Stem cell therapy helped a paralyzed man regain movement. But what’s that all about?
Stem cell medicine is a term that pops up from time to time. During the later stages of George W. Bush’s first term (end of 2004), the U.S. entered into a fierce debate over the use of stem cells and their effectiveness.
What is stem cell medicine?
We’ll simplify the process without turning this article into a research paper. There are two primary types of stem cells: embryonic and non-embryonic (or “adult”) stem cells.
- Embryonic cells are derived from a 3-day to 5-day old embryo, called a blastocyst.
- Adult stem cells are living cells derived from adult tissue.
Each type of stem cell has some potential to help. Embryonic stem cells “give rise to the entire body of the organism, including all of the (specialized) cell types and organs such as the heart, lungs, skin, sperm, eggs and other tissues.”
Adult stem cells within the bone marrow, brain, and muscle have shown some promise for “(generating) replacements for cells that are lost through normal wear and tear, injury, or disease.”
Kris Boesen’s Story
“With this study, we are testing a procedure that may improve neurological function, which could mean the difference between being permanently paralyzed and being able to use one’s arms and hands.” – Charles Liu, Program Director at the USC Neurorestoration Center
In March of 2016, just days before he was about to turn 21, Kris Boesen’s life took a dramatic turn for the worse. His car fishtailed on a wet road, hit a tree and struck a telephone pole.
Boesen suffered a cervical spine injury. He was paralyzed from the neck down.
Like most individuals who suffer spinal injuries, Boesen’s prognosis wasn’t good. Doctors prepared him and his parents for the possibility that the young man would never be able to move again.
The good news, if there were any to be gleaned from such a situation, was that young Kris qualified for a new clinical study that may help. Upon hearing this, Kris’ response echoed many that’ve been in a similar situation:
“All I’ve wanted from the beginning was a fighting chance.”
Enter the Neurorestoration Center at the University of Southern California (USC). The cutting-edge facility was developed to “(create) new strategies for the restoration of an injured or diseased nervous system.”
The procedure that Dr. Charles Liu and his surgical team would perform would inject an experimental dose of 10 million ‘AST-OPC1′ stem cells directly into Kris’ cervical spinal cord.
Dr. Liu explains the rationale for the treatment:
“Typically, spinal cord injury patients undergo surgery that stabilizes the spine, but does very little to restore motor or sensory function.” The procedure Dr. Liu and his team would try “could mean the difference between being permanently paralyzed and being able to use one’s arms and hands.”
The new procedure would have a life-changing impact. A short timeframe of Kris’ experience (post-surgery):
- 2 weeks: Kris’ fine motor skills improved (e.g. use of small muscles of fingers, toes, wrists, lips, and tongue.)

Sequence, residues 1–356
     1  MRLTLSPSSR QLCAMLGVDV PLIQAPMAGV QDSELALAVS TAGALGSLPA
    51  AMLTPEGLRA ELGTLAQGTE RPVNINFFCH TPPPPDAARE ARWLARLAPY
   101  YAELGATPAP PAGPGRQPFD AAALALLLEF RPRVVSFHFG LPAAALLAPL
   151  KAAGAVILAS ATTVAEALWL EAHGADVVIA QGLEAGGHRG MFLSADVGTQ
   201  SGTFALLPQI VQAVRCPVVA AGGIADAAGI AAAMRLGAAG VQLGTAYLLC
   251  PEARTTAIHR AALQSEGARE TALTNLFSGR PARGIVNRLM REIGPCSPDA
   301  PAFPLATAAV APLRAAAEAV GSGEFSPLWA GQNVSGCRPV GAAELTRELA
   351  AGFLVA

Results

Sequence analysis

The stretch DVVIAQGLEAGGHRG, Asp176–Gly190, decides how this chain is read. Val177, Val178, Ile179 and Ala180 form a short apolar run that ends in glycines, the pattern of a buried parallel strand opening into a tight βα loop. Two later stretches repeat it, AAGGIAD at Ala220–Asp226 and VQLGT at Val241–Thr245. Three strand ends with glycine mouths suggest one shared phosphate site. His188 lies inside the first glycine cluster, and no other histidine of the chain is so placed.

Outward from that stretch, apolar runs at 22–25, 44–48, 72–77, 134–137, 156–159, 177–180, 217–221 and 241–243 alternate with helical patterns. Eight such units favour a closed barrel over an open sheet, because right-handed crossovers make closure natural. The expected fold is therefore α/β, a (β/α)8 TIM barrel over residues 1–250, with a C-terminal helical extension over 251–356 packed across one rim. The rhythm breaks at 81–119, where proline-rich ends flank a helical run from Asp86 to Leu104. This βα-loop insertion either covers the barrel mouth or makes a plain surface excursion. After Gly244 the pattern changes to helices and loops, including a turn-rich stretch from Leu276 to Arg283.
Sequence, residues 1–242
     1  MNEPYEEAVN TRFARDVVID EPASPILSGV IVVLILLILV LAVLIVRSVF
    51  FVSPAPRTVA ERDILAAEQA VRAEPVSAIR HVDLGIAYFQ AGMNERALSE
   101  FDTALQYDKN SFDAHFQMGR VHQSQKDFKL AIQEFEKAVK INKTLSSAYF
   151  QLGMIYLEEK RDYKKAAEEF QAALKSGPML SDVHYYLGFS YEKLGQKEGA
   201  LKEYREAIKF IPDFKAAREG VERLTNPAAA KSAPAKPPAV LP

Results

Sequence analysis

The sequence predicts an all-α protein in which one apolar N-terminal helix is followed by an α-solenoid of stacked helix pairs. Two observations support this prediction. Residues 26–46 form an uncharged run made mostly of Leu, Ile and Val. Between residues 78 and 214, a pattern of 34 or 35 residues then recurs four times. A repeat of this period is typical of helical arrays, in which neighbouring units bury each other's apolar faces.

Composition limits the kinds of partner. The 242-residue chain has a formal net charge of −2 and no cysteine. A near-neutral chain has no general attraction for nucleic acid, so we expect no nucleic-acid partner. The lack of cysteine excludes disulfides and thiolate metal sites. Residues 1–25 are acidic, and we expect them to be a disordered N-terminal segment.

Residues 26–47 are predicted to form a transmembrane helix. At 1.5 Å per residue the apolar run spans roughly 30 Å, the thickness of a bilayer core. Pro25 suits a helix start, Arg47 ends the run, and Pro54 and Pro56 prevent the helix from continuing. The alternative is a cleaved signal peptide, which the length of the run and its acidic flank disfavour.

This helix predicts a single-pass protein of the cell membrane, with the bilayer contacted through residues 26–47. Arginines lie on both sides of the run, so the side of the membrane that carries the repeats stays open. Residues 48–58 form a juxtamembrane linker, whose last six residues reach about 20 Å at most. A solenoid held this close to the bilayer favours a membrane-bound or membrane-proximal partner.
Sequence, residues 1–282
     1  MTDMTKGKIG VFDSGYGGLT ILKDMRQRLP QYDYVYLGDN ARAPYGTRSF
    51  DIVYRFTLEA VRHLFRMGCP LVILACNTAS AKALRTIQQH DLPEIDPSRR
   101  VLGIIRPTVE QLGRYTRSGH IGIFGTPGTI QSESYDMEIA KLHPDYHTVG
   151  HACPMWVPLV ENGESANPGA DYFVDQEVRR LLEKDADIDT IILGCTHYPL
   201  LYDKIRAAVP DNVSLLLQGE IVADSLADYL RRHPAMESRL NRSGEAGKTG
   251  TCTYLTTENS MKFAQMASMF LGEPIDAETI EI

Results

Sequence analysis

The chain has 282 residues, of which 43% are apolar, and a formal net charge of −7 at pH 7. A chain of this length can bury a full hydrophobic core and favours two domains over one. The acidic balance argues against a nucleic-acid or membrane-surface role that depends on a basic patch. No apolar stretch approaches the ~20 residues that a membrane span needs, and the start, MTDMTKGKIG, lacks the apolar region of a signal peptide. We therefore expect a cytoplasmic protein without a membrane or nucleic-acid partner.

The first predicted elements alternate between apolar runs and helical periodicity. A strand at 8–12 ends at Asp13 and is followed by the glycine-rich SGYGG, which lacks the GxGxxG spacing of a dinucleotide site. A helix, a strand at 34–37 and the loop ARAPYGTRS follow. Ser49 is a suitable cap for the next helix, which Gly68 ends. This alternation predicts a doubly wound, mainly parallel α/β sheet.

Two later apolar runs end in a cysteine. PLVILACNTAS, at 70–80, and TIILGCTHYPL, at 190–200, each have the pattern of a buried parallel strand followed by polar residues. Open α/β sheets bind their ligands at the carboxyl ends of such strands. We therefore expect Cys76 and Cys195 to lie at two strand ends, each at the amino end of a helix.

- 2 months: Kris’ motor movement was progressing rapidly.
- 3 months, Kris gained significant improvement in his various functions. “He’s able to feed himself, use his cell phone, write his name, operate a motorized wheelchair and hug his friends and family.”
The Paralyzed Young Man Made Amazing Progress
Doctors, naturally, are quick to temper any future expectations; particularly during the early stages of recovery from a new medical procedure. But the results are promising.
“If there’s a chance for me to walk again, heck yeah!”
Boesen is quite the resilient and optimistic character. He loved to repair and drive sports cars and worked on his life insurance licensure before his injury.
“I was just existing. I wasn’t really living my life. And now, after the stem cell surgery, I’m able to live my life. If I was there and I was able to thank (Liu’s medical team), I would just tell them ‘Thank you. Thank you for allowing me to live my life again.”
Kris’ father was also thankful for Liu and his team, “So many things had to happen, and there were so many things that could have put up a roadblock,” he said. “The people at Keck Medical Center of USC and elsewhere moved heaven and earth to get things done. There was never a moment through all of this when we didn’t think our son was getting world-class care.”
And, Kris, well, he’s pumped. “If there’s a chance for me to walk again, then heck yeah! I want to do anything possible to do that.”
With the way he’s progressing, a pacing Kris Boesen may just be in the future.
– Kris’ treatment was made possible through California’s Proposition 71 – a $3 billion-dollar state program known as the California Initiative for Regenerative Medicine.
– Other beneficiaries of stem cell research include Evangelina Padilla Vaccaro, who was diagnosed with severe combined immunodeficiency disease. She is now disease-free.
– A big debate is underway in California whether or not to extend the program.
– For more information on the study, including eligibility and other info, please see the Keck School of Medicine of USC at http://keck.usc.edu/.